Only very small amounts in terms of percentage
Last April, the Spanish newspaper El Mundo published a story on PV farms that claimed to have produced solar electricity between midnight and 7 a.m. The newspaper suspected the operators of running diesel-burning generators at night to cash in on the high feed-in tariffs for photovoltaic electricity in that country. A number of foreign media channels, including the influential Bloomsberg Businessweek, picked up the story.
The reaction of the Spanish PV industry association, Asociación de la Industria Fotovoltaica, regretted the fact that vague and sometimes unsubstantiated accusations of photovoltaic fraud get into the press with relative frequency. Not all of these stories translate into a valid legal case. Concerned about the public image of the sector, they asked the government to investigate the newspaper’s claims.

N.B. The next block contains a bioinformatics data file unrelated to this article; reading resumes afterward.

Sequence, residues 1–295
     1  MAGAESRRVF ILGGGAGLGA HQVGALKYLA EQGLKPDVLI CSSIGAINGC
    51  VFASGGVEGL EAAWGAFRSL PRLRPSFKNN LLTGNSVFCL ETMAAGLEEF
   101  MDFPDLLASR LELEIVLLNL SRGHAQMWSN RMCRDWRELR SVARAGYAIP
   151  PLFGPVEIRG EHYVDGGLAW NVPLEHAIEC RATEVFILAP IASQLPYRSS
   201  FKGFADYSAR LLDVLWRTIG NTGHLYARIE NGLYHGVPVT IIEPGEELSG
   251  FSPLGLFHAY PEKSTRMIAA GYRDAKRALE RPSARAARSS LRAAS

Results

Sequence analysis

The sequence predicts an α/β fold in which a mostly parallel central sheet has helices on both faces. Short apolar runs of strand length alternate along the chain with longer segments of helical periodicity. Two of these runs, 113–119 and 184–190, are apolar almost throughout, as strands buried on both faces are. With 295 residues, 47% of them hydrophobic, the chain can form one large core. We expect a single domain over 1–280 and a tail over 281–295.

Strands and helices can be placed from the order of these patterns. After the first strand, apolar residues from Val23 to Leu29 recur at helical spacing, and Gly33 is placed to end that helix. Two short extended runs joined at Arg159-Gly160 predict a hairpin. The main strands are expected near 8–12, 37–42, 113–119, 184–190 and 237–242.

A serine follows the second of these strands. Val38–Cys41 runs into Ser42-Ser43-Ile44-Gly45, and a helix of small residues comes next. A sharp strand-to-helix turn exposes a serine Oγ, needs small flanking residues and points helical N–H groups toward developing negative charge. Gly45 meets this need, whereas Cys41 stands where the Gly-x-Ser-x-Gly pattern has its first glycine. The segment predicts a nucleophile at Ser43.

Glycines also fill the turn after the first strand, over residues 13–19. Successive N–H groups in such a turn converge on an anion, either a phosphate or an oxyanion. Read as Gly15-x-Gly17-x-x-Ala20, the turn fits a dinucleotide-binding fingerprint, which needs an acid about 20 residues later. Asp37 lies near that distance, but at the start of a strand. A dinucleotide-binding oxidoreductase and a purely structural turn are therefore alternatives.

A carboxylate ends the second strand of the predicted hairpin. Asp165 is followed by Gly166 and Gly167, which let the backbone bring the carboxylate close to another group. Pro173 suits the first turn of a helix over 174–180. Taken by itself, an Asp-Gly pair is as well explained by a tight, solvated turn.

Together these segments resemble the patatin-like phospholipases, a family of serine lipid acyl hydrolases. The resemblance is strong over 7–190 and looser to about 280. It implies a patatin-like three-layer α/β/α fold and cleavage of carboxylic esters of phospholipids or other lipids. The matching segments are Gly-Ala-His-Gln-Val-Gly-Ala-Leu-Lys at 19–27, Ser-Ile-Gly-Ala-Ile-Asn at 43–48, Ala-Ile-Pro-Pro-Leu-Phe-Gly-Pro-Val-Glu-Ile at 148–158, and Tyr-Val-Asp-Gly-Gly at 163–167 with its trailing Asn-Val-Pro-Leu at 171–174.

Such messages do indeed harm the image of solar energy. Moreover, they fuel questions regarding the usefulness of government incentives. Is the potential for fraud an argument against the system of feed-in tariffs?
Before jumping to any conclusions, it is worthwhile to put the figures into perspective. The total amount of energy that was allegedly produced fraudulently was 4,500 MWh, according to El Mundo. This is 0.05% of the total PV production in Spain in 2009 (Sources: Energyportal.eu and IEA). In the same period, the European retail sector lost 1.33% of their turnover to theft and the American retail sector even more at 1.61% (Source: CRR Centre for Retail Research).
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